What to know about Biden’s Ukrainian refugee program

The Biden administration recently unveiled a plan to welcome a small portion of the millions of Ukrainian refugees fleeing the Russian invasion.


"Uniting for Ukraine" is a humanitarian parole program that will allow individuals and private groups to sponsor or offer temporary protection to Ukrainians who have been displaced by the war. But for those who want to help, there are key conditions to be aware of before applying. Yahoo News spoke with two experts about Biden's Ukrainian refugee program and what you need to know about it.

Video transcript

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NAZANIN ASH: We've all been overwhelmed by the images of destruction and devastation that have been ongoing in Ukraine now for nearly two months and have resulted in a refugee crisis on a scale that Europe hasn't seen, the world hasn't seen since World War II. And at the same time, we've all been inspired by the extraordinary acts of welcome that we've seen exhibited by European citizens everywhere. And last week, the Biden administration announced an opportunity for Americans to show their generosity and their welcome as well.

JOE BIDEN: Today I'm announcing a program, Unite for Ukraine. This new humanitarian parole program will complement the existing legal pathways available to Ukrainians, including immigrant visas and refugees processing.

JACOB SAPOCHNICK: The key with this program is that they had to be in Ukraine on February 11, which is kind of when the war started, and they had to be in Ukraine essentially leaving or fleeing the wars. What they need also is a US sponsor. They have to be green card holders or citizens.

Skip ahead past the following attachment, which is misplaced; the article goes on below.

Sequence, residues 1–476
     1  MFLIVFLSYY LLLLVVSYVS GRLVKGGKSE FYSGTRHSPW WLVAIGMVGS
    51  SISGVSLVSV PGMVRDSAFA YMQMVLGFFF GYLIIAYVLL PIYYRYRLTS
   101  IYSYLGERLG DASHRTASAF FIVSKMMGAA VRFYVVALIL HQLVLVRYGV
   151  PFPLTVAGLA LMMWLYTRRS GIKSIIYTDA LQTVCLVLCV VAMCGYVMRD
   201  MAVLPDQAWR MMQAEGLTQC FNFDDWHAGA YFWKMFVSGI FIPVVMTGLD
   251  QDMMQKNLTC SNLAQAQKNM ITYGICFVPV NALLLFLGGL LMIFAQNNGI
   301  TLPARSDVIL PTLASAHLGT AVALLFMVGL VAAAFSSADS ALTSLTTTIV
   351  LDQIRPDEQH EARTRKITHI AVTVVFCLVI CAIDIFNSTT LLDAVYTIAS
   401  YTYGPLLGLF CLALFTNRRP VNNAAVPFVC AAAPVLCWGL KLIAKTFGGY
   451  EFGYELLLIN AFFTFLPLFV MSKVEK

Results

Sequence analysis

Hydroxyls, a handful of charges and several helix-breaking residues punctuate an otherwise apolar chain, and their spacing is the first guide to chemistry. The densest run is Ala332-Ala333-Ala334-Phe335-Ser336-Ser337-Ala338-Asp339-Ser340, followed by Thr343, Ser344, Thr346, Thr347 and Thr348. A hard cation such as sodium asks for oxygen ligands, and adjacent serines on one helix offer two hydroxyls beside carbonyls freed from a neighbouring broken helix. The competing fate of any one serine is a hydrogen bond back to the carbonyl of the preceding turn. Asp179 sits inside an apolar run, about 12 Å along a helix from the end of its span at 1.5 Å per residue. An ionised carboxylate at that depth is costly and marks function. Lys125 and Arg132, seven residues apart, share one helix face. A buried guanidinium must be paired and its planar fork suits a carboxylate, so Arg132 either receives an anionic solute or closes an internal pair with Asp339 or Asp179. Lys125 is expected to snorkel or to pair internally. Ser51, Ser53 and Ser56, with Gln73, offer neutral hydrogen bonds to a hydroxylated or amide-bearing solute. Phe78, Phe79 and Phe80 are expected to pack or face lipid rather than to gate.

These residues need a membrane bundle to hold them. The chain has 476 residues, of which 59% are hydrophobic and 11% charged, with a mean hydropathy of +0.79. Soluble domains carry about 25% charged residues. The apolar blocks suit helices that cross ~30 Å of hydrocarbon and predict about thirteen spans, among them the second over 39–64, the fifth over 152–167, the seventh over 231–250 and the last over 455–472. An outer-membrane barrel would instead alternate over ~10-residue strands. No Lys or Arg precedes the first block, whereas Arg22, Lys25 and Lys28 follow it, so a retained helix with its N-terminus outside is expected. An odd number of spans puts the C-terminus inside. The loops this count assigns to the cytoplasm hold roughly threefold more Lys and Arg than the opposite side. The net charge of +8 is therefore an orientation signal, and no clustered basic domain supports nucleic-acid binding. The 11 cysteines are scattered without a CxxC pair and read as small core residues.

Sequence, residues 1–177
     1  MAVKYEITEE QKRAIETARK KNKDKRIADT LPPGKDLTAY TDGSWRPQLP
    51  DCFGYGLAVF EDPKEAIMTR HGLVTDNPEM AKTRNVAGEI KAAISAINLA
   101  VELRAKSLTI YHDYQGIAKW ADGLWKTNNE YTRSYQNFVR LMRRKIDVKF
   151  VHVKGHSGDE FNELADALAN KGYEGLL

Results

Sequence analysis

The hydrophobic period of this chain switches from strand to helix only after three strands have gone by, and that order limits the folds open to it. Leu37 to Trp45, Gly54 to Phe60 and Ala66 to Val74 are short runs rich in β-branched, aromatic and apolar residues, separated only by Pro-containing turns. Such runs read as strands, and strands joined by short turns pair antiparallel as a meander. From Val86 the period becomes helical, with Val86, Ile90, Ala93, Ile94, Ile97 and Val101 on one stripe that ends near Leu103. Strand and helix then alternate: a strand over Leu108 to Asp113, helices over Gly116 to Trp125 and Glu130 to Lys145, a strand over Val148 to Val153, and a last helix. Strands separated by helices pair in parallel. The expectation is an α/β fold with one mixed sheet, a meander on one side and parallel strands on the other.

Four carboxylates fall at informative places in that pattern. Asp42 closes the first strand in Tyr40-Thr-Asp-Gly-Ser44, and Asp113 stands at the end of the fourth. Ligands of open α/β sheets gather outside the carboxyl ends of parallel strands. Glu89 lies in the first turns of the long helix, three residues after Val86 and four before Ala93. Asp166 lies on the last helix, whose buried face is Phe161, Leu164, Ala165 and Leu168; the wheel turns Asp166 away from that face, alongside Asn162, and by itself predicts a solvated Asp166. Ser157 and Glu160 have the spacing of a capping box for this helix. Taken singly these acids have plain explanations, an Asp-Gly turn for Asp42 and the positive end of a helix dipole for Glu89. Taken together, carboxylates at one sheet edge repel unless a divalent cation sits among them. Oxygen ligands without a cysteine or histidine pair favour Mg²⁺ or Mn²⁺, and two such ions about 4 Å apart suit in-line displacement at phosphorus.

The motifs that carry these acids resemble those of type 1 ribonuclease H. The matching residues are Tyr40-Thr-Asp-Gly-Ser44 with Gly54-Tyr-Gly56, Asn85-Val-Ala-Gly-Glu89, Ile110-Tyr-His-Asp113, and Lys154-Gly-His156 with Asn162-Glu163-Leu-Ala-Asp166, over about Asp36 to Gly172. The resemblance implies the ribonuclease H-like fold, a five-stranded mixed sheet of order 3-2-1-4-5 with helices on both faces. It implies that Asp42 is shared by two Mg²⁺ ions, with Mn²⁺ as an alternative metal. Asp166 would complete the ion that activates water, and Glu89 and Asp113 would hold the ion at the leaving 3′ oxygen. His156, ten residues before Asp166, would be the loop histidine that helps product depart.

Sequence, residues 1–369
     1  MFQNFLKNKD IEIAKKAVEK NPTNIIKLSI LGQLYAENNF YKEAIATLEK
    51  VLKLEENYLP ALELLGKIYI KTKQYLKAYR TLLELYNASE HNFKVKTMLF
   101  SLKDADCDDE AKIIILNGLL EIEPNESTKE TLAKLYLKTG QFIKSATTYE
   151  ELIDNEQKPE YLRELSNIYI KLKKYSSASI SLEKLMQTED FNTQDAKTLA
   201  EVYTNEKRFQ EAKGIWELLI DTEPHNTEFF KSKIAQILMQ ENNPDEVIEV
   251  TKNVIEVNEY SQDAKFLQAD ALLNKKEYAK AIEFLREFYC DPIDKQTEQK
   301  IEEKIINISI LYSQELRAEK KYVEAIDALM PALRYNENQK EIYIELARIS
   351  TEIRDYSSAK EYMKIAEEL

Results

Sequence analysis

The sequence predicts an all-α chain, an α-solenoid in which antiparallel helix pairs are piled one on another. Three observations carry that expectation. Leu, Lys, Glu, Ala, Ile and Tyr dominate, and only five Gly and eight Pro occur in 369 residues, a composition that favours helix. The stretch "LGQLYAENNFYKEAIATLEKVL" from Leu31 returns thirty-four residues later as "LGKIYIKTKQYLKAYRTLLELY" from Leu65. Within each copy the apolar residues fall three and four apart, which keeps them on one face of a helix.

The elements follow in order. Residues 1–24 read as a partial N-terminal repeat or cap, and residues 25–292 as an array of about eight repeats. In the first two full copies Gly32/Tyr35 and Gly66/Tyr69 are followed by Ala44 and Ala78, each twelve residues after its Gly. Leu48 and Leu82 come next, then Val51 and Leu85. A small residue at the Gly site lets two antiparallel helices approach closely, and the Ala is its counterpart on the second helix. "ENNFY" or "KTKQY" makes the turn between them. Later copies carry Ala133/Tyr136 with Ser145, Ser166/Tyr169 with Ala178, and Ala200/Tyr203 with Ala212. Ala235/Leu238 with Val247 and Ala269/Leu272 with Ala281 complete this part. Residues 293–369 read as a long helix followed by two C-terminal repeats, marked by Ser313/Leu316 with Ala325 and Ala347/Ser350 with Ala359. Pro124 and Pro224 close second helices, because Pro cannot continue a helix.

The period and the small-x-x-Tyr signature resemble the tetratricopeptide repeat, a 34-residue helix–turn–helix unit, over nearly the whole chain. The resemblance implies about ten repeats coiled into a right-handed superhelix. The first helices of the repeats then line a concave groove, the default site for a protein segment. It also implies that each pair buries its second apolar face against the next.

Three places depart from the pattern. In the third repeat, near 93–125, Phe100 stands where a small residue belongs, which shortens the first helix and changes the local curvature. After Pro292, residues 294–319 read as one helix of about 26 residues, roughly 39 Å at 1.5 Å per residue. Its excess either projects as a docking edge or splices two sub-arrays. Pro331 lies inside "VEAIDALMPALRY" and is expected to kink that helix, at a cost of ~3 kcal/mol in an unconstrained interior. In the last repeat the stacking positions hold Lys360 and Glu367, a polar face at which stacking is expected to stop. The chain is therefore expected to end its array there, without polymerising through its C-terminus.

NAZANIN ASH: When you are signing up to be a sponsor, you're signing up to be the welcomer and the navigator for the beneficiary, the family that's coming to the United States. And that means thinking through and providing all of the things that would allow someone to feel welcome and get their footing in a new country and in a new community. So sponsors will be vetted and background-checked.

The application asks you to provide information about the financial assets you'll have available. Homeland Security will review for whether it seems like you can provide that initial safety net for a family arriving here. And then similarly, for the beneficiary, it's the Department of Homeland Security that will conduct all security and background checks for Ukrainians as well. And it's only after both of those checks have been conducted that the application is approved.

JACOB SAPOCHNICK: It's not part of the refugee resettlement. And this is just a temporary, two-year permit for them to enter and be able to work and stay here safely until Ukraine is back in order so they can go back to Ukraine. As far as I know, they're not eligible for any of the programs that typically refugees or asylees get until further notice. Maybe the government will reissue those at some point. But for the moment, I don't think they're eligible for any programs.

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NAZANIN ASH: What we're doing at Welcome.US right now is helping to design some of the matching platforms that we hope many organizations can then use to be able to match sponsors with beneficiaries who are looking to be assisted. But we know people will find themselves in many ways.

JACOB SAPOCHNICK: So I think it's important to, before you sponsor anybody, just to talk to them, understand who they are, have a few conversations to see that you're comfortable, and see if you have a connection with them. It's not just a piece of paper. It's a big responsibility.

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